Thursday, August 27, 2009
Who Benefits? Unionization and Academic Libraries and Librarians
"Who Benefits? Unionization and Academic Libraries and Librarians."
The Library Quarterly, Volume 79 Number 4 (October 2009): 443–63.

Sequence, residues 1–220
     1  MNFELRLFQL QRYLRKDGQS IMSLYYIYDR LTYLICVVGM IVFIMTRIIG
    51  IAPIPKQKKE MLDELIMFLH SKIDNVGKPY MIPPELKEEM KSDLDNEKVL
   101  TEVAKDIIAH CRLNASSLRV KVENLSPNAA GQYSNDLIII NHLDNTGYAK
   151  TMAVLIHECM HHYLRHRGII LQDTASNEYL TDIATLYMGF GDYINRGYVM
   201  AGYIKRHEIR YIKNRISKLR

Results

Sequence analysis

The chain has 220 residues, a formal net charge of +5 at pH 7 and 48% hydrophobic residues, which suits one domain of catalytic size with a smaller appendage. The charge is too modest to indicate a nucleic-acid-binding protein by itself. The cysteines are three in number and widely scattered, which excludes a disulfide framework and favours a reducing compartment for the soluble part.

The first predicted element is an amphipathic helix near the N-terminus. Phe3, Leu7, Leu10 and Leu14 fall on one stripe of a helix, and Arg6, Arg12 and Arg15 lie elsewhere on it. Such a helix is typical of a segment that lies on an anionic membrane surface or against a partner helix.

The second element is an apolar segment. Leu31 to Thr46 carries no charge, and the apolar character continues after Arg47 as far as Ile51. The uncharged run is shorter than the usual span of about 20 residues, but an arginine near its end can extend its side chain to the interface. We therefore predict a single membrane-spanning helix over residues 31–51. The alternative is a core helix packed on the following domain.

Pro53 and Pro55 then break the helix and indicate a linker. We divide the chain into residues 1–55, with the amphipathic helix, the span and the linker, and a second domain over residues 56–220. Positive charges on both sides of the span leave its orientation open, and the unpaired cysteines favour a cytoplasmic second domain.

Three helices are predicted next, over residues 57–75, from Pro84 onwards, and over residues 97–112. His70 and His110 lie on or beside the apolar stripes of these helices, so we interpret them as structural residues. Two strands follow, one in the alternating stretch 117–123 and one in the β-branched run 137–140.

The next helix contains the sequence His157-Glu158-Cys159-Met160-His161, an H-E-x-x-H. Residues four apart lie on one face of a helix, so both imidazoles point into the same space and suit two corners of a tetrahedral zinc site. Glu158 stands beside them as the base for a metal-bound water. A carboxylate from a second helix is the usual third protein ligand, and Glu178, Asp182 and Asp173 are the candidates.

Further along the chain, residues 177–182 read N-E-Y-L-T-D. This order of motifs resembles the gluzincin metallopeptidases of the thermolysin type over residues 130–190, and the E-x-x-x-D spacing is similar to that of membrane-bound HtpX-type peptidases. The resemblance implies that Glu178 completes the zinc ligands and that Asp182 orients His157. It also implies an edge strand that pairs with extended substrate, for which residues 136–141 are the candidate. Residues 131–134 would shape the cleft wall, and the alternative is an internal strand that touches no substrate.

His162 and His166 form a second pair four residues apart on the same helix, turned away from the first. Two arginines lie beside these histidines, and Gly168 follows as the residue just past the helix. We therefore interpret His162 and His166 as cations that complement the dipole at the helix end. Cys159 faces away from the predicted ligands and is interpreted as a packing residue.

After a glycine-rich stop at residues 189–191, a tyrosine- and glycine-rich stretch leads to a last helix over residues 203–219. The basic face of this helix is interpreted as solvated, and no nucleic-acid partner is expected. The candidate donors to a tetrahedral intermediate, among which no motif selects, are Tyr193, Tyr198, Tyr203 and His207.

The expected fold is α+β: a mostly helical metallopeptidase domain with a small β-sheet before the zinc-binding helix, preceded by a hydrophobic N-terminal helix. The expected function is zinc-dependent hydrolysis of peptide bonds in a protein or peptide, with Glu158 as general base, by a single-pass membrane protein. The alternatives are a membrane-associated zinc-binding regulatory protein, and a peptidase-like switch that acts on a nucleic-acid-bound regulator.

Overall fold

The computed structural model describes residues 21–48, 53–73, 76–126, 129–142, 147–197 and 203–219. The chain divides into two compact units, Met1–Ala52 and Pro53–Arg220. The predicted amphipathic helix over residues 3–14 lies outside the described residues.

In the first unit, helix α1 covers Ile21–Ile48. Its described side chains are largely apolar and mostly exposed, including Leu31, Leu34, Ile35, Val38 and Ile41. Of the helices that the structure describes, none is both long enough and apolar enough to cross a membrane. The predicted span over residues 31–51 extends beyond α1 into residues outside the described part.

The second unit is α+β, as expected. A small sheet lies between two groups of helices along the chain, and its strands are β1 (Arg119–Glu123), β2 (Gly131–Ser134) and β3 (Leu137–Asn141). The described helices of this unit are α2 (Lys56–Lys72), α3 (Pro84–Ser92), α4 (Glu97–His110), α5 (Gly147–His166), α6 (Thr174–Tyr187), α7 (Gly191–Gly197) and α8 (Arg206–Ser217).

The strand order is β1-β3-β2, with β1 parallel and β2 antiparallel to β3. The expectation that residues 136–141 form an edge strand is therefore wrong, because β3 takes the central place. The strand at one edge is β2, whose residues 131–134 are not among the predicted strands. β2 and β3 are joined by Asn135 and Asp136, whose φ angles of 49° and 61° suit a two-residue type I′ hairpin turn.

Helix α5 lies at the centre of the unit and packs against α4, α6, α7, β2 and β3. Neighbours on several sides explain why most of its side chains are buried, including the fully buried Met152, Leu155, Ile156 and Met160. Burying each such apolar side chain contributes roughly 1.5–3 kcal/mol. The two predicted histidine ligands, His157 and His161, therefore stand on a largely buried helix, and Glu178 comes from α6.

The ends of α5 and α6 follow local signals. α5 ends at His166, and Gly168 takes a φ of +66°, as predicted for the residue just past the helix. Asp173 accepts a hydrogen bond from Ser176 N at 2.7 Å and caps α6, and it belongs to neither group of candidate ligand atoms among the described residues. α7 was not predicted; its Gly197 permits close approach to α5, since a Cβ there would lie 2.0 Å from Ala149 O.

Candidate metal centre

Advocates of unions frequently argue that unionization results in benefits for libraries in general and for librarians. Previous data to support this position have been scattered, incomplete, and inconclusive. This study analyzes data on 1,904 academic libraries, 334 unionized, to explore whether there is a relationship between a librarian‐union presence and several quantitative values: student‐librarian ratios, percentage of institutional budget devoted to libraries, average spending on salaries per librarian, percentage of library budget devoted to librarians, percentage of library staff who are librarians, and percentage of library budget devoted to staff salaries. Across institution degree levels (associates, baccalaureate, masters, doctoral, and Association of Research Libraries members), results show that compared to librarians at either private or nonunionized public colleges and universities, librarians at unionized public institutions are somewhat better off. Librarians at public institutions are generally better paid but have worse working conditions—higher student‐to‐librarian ratios and fewer resources for collections. All institutions except associates‐level institutions receive roughly the same percentage of institutional budgets.